Interestingly, iDoneThis has internally banned emails altogether. To replace it, they use iDoneThis (naturally) to keep the team up to speed with what has been done throughout the week, and Asana to manage individual projects.

While some might feel that Asana has a steep learning curve, Walter likes that it tracks the “nitty gritty details.”

It handles the evolution of projects really well […] keeping a record of all activity, and information changes inside the app in real-time.

To complement Asana’s focus on details, Walter uses Trello alongside it for longer term planning. While he found Trello wanting in terms of tracking the workflows of active projects, it turned out to be great for brainstorming, plan out long-term campaigns, and develop their roadmap.

Here’s how his current Trello board looks like:

walter chen idonethis trello tools work daily

“It’s a great complement, a view into the forest compared to Asana’s view into the trees,” he adds.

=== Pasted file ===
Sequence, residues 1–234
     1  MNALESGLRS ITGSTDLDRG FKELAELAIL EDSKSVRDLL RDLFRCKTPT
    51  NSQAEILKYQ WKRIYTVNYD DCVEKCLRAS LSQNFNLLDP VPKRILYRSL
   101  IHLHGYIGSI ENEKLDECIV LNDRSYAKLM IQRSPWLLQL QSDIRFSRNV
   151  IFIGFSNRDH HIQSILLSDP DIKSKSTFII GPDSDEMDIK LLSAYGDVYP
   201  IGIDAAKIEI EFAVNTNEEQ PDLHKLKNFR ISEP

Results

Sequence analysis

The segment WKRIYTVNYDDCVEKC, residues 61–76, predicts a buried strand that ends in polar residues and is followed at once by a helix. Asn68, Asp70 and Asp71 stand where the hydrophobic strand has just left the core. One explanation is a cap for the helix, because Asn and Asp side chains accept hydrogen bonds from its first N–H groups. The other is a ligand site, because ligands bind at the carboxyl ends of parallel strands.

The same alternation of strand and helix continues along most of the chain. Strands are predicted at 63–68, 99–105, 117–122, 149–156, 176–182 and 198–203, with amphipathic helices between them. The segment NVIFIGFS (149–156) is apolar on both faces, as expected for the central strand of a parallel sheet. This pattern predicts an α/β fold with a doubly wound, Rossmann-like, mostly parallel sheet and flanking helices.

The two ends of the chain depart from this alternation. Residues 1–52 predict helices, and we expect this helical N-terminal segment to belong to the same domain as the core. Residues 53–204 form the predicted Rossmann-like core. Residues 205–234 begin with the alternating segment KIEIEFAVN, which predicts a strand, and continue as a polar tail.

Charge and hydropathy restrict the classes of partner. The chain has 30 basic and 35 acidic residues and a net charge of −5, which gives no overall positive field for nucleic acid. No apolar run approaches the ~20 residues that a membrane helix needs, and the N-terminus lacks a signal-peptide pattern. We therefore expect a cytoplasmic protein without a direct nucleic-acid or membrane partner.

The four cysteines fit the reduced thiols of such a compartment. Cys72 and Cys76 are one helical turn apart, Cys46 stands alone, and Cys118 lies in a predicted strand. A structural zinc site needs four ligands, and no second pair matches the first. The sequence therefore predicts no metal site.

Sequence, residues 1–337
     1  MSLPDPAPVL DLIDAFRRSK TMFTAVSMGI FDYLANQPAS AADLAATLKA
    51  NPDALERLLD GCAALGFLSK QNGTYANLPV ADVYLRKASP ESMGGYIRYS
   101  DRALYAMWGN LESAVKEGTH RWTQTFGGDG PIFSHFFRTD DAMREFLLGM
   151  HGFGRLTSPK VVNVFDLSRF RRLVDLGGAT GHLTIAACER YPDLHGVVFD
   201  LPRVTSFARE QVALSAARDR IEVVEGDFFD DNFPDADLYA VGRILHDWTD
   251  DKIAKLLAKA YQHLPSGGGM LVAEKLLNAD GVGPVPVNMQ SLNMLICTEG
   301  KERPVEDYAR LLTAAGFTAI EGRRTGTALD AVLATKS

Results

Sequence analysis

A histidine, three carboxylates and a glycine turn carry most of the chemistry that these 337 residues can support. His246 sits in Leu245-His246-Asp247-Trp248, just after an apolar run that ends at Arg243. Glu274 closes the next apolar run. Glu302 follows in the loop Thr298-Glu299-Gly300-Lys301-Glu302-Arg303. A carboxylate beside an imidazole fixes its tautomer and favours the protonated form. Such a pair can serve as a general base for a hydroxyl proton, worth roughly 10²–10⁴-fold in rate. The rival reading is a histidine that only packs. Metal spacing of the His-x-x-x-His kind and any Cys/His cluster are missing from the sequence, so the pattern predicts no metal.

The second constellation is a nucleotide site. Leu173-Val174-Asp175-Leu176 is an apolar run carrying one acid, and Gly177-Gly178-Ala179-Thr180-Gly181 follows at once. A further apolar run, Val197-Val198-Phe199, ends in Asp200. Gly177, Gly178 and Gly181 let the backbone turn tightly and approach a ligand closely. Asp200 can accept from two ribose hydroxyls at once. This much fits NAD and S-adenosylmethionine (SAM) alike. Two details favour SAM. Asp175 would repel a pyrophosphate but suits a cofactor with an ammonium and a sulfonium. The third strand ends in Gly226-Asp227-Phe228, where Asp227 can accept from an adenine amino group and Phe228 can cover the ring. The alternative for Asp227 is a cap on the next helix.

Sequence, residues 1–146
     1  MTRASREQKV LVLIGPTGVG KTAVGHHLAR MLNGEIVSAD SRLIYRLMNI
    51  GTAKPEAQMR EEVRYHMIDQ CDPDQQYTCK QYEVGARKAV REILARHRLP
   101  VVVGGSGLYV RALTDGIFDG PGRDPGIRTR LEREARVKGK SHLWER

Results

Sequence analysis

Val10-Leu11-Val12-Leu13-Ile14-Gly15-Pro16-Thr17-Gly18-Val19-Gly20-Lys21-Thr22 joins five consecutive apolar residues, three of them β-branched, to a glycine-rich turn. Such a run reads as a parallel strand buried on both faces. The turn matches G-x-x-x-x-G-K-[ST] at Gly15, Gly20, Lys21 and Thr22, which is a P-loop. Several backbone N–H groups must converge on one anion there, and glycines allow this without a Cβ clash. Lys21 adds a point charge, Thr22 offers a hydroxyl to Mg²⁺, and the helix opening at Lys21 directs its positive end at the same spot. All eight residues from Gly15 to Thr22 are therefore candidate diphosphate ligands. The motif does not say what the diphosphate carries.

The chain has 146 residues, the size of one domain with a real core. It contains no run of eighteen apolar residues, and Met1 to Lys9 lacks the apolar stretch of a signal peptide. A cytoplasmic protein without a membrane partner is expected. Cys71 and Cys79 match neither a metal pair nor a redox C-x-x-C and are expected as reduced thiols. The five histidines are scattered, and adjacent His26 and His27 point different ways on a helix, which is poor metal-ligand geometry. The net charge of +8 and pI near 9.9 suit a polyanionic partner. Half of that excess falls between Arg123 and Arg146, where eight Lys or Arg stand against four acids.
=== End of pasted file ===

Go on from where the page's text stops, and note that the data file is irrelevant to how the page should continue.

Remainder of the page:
Read also:  Here's how Founders Grid founder Chris Osborne works

Creating content and wikis is something Walter does a lot as part of his marketing duties. For this, he sticks to Hackpad due to its collaborative nature.

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On top of that, he also uses it to write weekly “bench memos” (shown above) to lay out any decisions that he and his co-founder Rodrigo had made, as well as their rationales for them in a one-page document:

“Hackpad is great for this because there are clear attributions for everything that’s said, and it is super easy for Rodrigo and I to both work on it at the same time.”

For communicating in real-time, Slack is Walter’s tool of choice. However, Slack isn’t great for capturing and sharing large documents, and so he uses Dropbox to plug that particular gap.

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Tracking retention and monthly recurring revenue is essential to the life of a SaaS startup, and Walter considers the latter metric to be uno numero for the company. He keeps a close watch on these numbers with ProfitWell, which connects with their Stripe account.